Well so far so good. They are growing nicely …roots are showing through the net pot and looking very healthy. Nutrients seem to be doing fine and staying stable. The PH jumped up to 8.3 which is bad, tomatoes like it to be between 6.0 and 7.0 to thrive.
All in all things are doing great!

-- JTC

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Jimthecarver

111 posts in 2276 days
hardiness zone 8b

posted 05-25-2012 09:28 AM

-- JTC

View MsDebbieP's profile

MsDebbieP

14694 posts in 3751 days
hardiness zone 5b

posted 05-25-2012 09:57 AM

two green thumbs up!! How exciting.

-- - Debbie, SW Ontario Canada (USDA Hardiness Zone: 5a)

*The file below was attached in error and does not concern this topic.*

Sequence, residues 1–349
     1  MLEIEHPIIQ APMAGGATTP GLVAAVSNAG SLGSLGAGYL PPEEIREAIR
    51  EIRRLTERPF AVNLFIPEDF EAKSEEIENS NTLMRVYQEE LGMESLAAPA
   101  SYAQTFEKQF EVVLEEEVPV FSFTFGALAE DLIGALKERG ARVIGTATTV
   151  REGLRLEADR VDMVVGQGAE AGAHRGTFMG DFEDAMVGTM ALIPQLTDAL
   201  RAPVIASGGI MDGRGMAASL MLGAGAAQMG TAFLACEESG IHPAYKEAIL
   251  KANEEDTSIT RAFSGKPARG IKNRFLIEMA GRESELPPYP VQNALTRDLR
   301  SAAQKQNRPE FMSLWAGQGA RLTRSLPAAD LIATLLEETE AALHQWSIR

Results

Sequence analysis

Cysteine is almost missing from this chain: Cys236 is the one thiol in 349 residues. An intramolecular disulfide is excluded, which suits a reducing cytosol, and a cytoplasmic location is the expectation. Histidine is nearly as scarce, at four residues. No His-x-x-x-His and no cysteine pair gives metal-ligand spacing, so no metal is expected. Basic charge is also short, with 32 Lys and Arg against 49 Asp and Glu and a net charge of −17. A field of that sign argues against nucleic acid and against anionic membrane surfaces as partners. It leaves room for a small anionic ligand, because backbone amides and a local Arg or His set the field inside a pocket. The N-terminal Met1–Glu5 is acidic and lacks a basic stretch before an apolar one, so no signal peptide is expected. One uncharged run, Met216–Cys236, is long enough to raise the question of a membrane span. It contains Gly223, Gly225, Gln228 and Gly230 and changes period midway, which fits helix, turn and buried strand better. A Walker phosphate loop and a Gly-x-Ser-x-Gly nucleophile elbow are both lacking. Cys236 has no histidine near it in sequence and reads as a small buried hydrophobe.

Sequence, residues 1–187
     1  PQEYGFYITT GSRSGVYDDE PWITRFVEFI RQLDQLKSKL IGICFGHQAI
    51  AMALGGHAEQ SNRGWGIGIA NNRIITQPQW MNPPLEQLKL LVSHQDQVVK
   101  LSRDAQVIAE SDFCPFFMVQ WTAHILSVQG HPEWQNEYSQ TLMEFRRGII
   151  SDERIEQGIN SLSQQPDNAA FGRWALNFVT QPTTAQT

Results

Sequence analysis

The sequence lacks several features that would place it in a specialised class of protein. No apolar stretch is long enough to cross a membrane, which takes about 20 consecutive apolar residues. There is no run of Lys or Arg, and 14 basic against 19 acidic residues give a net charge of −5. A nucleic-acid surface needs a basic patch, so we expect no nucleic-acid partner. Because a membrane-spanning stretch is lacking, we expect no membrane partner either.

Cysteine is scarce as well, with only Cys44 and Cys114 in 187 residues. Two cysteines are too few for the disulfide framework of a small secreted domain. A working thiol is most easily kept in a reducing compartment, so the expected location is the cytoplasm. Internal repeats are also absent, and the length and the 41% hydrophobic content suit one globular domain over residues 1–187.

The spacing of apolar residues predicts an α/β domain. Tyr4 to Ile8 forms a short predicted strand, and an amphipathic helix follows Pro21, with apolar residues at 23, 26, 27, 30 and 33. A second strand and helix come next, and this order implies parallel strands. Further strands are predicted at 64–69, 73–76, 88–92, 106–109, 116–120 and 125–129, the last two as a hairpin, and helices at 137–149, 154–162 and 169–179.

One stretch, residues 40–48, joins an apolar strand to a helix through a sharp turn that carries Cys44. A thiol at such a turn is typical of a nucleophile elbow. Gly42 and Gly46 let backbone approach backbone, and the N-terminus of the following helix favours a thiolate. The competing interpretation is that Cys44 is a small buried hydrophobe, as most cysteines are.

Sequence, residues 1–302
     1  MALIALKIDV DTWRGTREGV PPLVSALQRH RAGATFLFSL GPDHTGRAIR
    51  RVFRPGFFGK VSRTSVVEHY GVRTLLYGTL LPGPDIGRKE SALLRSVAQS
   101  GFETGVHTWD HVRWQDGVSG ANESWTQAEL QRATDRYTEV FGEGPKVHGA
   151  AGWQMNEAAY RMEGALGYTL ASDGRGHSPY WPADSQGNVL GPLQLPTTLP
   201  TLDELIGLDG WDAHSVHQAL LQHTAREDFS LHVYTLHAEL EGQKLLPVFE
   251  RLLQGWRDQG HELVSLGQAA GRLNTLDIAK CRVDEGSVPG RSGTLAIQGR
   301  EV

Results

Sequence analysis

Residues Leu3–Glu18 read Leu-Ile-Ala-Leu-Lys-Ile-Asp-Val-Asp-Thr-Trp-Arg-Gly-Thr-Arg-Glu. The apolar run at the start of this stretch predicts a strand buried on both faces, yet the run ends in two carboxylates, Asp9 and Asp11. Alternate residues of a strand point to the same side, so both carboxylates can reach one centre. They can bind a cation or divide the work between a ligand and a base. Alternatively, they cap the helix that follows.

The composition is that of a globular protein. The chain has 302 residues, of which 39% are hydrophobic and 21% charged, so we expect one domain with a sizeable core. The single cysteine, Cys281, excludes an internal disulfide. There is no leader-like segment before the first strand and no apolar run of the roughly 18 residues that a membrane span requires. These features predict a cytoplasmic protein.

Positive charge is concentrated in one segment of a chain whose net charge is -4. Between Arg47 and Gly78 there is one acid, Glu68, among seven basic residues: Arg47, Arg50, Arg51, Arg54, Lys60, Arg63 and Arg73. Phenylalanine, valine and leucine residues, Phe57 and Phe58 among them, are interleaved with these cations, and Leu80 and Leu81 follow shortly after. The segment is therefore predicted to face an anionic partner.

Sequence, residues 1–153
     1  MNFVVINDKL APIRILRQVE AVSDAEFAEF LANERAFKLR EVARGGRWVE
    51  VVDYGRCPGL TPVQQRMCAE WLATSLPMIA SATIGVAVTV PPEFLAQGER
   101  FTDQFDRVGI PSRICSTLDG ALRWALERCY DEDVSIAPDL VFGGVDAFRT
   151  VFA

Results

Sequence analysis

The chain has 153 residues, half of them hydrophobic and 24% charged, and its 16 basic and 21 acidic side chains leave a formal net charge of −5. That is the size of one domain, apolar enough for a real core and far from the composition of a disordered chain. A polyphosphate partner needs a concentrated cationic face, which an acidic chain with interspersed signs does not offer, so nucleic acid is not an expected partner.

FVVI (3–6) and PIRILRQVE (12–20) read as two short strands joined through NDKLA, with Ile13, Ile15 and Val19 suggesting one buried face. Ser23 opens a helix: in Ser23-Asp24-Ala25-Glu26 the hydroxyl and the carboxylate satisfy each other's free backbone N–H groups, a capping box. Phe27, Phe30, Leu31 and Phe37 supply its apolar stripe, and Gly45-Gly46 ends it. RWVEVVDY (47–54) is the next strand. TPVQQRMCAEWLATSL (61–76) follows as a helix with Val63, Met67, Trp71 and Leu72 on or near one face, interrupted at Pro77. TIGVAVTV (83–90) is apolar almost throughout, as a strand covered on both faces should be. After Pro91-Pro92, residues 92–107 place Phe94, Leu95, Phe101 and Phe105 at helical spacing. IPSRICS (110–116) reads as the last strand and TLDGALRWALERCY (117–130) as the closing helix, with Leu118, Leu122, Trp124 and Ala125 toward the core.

View Cameron Robertson's profile

Cameron Robertson

10 posts in 1662 days

posted 04-02-2013 01:48 AM

A lady friend of mine was looking into home gardening, hoping to grow some staples at home like tomatoes. She is one of those not-so-lucky ones to have been deprived of a big garden, but only a small garden in the front of her house. She has only a small storage for her gardening tools inside the house, but not a lot. However, she managed to find online how to grow tomatoes like this. It was not expensive but rather cheap. She was glad to have discovered it online.

-- Cameron John Robertson - http://supercheapselfstorage.com.au/facilities/sydney/northern-beaches/

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Jimthecarver

111 posts in 2276 days
hardiness zone 8b

posted 04-02-2013 03:29 AM

The results were amazing, the tomatoes tasted great. Hydroponics are so much faster than conventional gardening. I am doing a test to see how much difference in time for maturity and flavor. Its fun experimenting.